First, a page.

In theory, the story was supposed to go like this. The state would free private enterprise and create conditions for its success. The growth in turn would generate resources that the state could invest in addressing market failures or the needs of those who could not participate in the growth. There was a hope that economic reform would be a spur to political reform. By cutting down the need for state intervention in certain areas, the state would become less corrupt; by having access to increased resources it could provide public goods like health and education on an unprecedented scale.
Image: Amit VermaPratap Bhanu Mehta is president, Centre for Policy Research, New Delhi
There is a feeling that in some respects the opposite happened. While the state did free large chunks of business from state control, it shifted the site of corruption. Three or four sectors, like natural resources, real estate, spectrum required the use of state power. In addition, areas where citizens are taxed, licensed, stamped, registered, identified, continued to be sites of corruption. New forms of contracting, like public private partnerships, became sites for new forms of corruption, in sophisticated forms.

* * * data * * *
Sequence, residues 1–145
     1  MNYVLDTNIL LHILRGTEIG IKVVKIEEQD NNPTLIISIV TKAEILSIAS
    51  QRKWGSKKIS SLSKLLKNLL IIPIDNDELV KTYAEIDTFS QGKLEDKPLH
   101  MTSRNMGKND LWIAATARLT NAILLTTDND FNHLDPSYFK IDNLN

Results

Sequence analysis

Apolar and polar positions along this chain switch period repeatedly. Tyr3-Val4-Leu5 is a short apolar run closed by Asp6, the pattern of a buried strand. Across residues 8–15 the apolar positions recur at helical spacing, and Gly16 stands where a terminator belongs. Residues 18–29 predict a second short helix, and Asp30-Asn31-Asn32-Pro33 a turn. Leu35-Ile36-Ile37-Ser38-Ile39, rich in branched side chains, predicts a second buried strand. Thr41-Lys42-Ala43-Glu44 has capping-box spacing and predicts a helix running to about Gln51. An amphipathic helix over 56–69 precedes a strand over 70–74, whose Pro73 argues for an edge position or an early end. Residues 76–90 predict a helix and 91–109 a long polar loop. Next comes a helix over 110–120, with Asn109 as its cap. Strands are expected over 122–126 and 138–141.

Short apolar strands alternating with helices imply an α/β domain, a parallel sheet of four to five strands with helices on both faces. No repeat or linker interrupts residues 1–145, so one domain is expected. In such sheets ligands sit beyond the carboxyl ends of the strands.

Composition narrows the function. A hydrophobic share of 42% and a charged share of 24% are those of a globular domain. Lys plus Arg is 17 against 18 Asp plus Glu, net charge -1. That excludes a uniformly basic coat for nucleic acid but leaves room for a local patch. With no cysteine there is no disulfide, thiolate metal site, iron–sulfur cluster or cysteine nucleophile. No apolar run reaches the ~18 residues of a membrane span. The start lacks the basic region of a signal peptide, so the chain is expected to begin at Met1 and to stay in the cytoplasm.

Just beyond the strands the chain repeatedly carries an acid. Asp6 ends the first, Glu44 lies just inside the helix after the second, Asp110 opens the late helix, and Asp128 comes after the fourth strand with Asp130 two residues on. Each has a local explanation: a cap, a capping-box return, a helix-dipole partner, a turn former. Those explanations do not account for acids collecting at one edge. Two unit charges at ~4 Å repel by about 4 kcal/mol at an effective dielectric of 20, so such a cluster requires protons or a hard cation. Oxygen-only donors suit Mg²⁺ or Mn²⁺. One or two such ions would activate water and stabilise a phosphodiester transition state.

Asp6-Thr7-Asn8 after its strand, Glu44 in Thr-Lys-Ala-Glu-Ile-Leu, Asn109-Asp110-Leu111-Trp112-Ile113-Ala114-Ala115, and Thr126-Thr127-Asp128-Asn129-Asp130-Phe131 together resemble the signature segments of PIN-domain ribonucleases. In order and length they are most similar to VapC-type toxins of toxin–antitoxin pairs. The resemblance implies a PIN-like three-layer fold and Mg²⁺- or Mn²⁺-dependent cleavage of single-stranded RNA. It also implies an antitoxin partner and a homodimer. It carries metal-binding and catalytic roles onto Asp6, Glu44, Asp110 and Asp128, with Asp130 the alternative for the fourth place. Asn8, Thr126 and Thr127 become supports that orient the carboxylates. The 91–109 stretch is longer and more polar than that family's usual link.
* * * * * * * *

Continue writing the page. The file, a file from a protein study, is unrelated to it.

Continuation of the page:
The picture at the level of ordinary services provided by the state is more mixed: Some states managed to cleanse egregious corruption from particular programmes, while others slid back. The accelerated pace of growth also did three things. The demand hugely magnified the scale of government activity in these areas — whether it is mining licences or real estate permissions. The volume of people affected by these activities began to rise. So, the scale of mining generated resistance among tribals; land acquisition among farmers. The sheer scale of dislocation made it hard for the state to manage.